Posted by: Sanjay on 27 Aug 06

Sanjay, one reason we continue to have war is that people mistake calls for a calm response with no response. Where in Alex' post does it say we would not have fought WWII? Calm can be incredibly powerful. Witness Gandhi and MLK Jr, for instance. It can even be ferocious and deadly, as in some aspects of the Allied response in WWII.

The point is in this sentence:

There is essentially no situation where panic and fear are helpful.

Right.

Panic and fear lead to actions that we regret. So do uncontrolled anger, greed, hatred, revenge, guilt, and misinformation. Calm actions -- from deep conversations, to citizen moderation of the mass media, to a firm hand against a "bad guy" who doesn't understand conversation -- yield much better results than those based on negative emotions.

Can our hearts be large enough to defend ourselves out of good will and compassion rather than fear and hatred?


Posted by: Kim on 27 Aug 06

Kim,

I don't see that security officials who recommended a ban on carrying liquids onto airplanes did so by panicking, shrieking, or grumbling. Why describe security alerts as "pointless airline-security measures like banning liquids"?

Had someone boarded an aircraft with explosives or other harmful agents because bans were foregone, then the consequences could be serious.

As far as media coverage of terrorism is concerned, one could draw similar analogies with media coverage of environmental problems, and also similarly recommend avoiding fostering reactions of panic which would be unconstructive. However, upto a certain extent, emotions are what galvanize people into action, as opposed to continued complacency.

I don't feel the answer is to avoid issuing alerts such as bans on liquids. Clearly, if these are necessary to maintain passenger safety, then they'll have to be resorted to. I also feel that criticism on what not to do, should also be supplemented with specific alternatives on what to do. Otherwise, it's very easy for us to all issue armchair critiques. Goodwill and compassion are very vague/bland prescriptions for very serious problems. It is through inaction and insufficient action that we allow problems to get worse.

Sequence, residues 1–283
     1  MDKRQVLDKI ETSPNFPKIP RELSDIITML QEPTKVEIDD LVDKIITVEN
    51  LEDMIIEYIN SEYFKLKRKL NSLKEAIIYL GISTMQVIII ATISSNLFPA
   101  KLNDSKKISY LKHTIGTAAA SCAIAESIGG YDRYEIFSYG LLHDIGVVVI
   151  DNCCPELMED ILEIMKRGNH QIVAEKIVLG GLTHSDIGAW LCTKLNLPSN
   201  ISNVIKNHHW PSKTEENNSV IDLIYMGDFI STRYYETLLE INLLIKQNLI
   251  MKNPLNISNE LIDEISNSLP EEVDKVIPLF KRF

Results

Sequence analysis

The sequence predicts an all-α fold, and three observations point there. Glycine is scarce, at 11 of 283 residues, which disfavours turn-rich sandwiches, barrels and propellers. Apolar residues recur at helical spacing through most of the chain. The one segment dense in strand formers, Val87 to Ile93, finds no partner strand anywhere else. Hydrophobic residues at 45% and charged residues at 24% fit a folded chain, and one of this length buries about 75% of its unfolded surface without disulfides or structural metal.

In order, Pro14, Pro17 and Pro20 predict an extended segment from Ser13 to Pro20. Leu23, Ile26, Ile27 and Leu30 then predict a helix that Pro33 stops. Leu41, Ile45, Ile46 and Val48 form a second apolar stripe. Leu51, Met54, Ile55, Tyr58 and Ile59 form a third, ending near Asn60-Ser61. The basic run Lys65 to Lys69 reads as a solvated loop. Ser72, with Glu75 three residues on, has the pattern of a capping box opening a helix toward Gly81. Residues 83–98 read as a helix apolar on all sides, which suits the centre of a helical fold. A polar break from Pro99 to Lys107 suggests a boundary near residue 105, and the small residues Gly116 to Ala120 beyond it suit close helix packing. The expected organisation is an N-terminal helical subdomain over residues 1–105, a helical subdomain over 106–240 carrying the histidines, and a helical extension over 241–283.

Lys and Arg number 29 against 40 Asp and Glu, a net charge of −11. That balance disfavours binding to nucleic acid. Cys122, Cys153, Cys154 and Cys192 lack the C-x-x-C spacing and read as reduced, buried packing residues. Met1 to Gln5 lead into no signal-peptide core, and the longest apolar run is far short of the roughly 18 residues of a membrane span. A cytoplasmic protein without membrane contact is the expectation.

Posted by: Sanjay on 27 Aug 06

It is through inaction and insufficient action that we allow problems to get worse.

I think that anyone who believes they can assess what "insufficient action" is might wish to reexamine things. Life is imperfect, so we as humans are ultimately incapable of assessing the effects, from the immediate to the long term, of what actions we take. And because life isn't a controlled experiment with only on variable, there will never be consensus about how things played out and what were the causes for this or that.

"Compassion" may be a bland prescription, but in the face of a situation, specifically in the United States, of pervasive vitriol and fear-mongering, asking whether the fear is the problem itself, as FDR claimed it was long ago, is a worthy question to ask.


Posted by: Joseph Willemssen on 27 Aug 06

correction: "... only ONE variable..."


Posted by: Joseph Willemssen on 27 Aug 06

Sanjay,

I think it's extremely disingenious to compare our current circumstance with the circumstances that lead up to World War II. To compare Schneier's call for calm, careful examination of what actually works to contain terrorism to Chamberlain's approach shows a poor understanding of history in my opinion.


Posted by: Pace Arko on 27 Aug 06

Pace, that's your opinion, and I'm afraid I don't share it. I think if one is going to categorize something as fear-mongering, they ought to be specific as to what they consider to be fear-mongering. Frankly, I don't consider the ban on carrying liquids to be fear-mongering or pointless when it was done as a safety measure. What alternative was there -- to not declare a ban when there was a reasonable concern that explosives might be carried aboard in this way?